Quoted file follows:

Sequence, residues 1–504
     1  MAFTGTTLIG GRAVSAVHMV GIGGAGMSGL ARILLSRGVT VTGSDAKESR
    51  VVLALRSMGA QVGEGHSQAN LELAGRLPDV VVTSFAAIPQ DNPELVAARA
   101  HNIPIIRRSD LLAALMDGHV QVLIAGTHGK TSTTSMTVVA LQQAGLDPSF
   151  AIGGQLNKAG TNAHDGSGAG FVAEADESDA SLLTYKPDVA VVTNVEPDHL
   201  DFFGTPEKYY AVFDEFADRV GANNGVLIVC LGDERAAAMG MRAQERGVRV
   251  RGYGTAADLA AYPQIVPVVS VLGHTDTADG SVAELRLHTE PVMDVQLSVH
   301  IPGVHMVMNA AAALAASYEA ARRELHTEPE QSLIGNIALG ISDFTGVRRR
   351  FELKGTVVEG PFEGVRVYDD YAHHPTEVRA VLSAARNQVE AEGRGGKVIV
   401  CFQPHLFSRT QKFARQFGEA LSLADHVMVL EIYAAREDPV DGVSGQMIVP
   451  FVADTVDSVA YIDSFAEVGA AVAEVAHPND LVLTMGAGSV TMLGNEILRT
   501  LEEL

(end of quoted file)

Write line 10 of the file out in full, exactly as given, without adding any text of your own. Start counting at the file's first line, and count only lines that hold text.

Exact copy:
   401  CFQPHLFSRT QKFARQFGEA LSLADHVMVL EIYAAREDPV DGVSGQMIVP